Most negative marks will remain on your file for at least six years. After that time, everything is deleted from your file, including missed payments, defaults, bankruptcy and CCJs.
However, there are some quick improvements in the next section that you can make today to begin raising your credit rating.
improving your credit rating and credit score?
If you have a low credit rating, there are several things you can do to start improving your score today:
- Register on the electoral roll:if your name’s not on there, you’ll find it much harder to get credit.
- Check for mistakes on your file:even having just a slightly wrong address can have an impact on your score. So, make sure you check all the details and report any incorrect information immediately.
- Pay your bills on time:paying on time a phone landline or internet contract is a great way to prove to lenders that you’re capable of managing finances effectively.
- County Court Judgements (CCJs):receiving any court judgements for debt will have a serious impact on your credit score. If you’re having problems keeping up with payments, find free debt advice online.
- High levels of existing debt:ideally you should eliminate any outstanding debt before applying for new credit. This is because banks, building societies and credit card companies might be hesitant about lending you more if you already have a lot of existing debt.
- Moving home a lot:lenders feel more comfortable if they see evidence that you have lived at one address for a considerable period. Be sure to bear this in mind.
If you have a poor credit history, you might want to consider a credit-builder credit card.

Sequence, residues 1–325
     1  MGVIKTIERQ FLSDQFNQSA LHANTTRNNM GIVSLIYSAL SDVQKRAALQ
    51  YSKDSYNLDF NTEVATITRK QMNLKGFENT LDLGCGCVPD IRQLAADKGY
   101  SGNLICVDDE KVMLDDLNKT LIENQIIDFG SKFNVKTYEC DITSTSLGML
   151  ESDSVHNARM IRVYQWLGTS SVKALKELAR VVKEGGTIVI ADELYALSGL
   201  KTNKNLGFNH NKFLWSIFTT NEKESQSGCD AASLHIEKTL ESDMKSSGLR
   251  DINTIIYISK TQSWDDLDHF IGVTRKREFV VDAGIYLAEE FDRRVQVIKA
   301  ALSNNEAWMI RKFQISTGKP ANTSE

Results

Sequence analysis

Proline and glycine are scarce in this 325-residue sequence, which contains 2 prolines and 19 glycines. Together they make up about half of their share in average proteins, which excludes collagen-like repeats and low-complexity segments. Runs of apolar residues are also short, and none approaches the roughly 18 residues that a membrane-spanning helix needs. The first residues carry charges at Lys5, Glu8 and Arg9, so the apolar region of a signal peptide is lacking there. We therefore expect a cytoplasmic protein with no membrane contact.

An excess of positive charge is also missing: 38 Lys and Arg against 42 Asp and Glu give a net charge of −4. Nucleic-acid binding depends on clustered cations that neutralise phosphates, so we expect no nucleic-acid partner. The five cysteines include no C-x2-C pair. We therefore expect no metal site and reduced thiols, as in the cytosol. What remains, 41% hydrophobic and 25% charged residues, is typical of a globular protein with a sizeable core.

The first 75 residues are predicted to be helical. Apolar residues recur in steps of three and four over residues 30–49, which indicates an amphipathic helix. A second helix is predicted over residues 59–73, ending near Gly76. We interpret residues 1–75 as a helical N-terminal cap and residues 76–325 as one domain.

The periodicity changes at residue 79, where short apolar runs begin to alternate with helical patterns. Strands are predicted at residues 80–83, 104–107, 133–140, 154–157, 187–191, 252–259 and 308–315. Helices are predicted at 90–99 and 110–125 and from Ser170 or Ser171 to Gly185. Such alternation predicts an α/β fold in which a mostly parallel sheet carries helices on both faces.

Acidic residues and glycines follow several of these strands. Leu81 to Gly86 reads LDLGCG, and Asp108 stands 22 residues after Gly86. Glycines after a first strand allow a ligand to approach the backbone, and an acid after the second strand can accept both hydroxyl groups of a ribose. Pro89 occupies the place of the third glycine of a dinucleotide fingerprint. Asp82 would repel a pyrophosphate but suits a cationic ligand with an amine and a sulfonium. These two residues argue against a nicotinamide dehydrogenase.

These are cards designed for people with little credit history, or who have a bad credit history. The credit limits are often low and the interest rates high. This reflects the level of trust your credit file gives lenders.
By using these cards and paying off the bills each month, you can prove you’re creditworthy, increase your credit score, and apply for other cards and loans when your credit rating improves.
Be aware that the interest rates charged are much higher than standard credit cards though.
Typically, you’ll be paying over 30% in interest a year, which is another reason to try to pay off any balance in full each month.
Otherwise, you might end up in debt that you struggle to get out of which could harm your credit rating even further.
Avoid expensive credit repair companies
You might see adverts from firms that claim to repair your credit rating.
Most simply advise you on how to obtain your credit file and improve your credit rating – but you don’t need to pay for that, you can do it yourself.
Some might claim that they can do things that – legally – they can’t, or even encourage you to lie to the credit reference agencies.
Don’t even consider using these firms.
Reporting and fixing any mistakes on your file
If you do spot any mistakes, challenge them by reporting them to the credit reference agency.
They have 28 days to remove the information or tell you why they don’t agree with you.
During that time the ‘mistake’ will be marked as ‘disputed’ and lenders aren’t allowed to rely on it when assessing your credit rating.
It’s also best to speak directly with the credit provider you believe is for the incorrect entry.
Credit reference agencies rely on information provided by lenders and often the lender is in the best position to resolve this.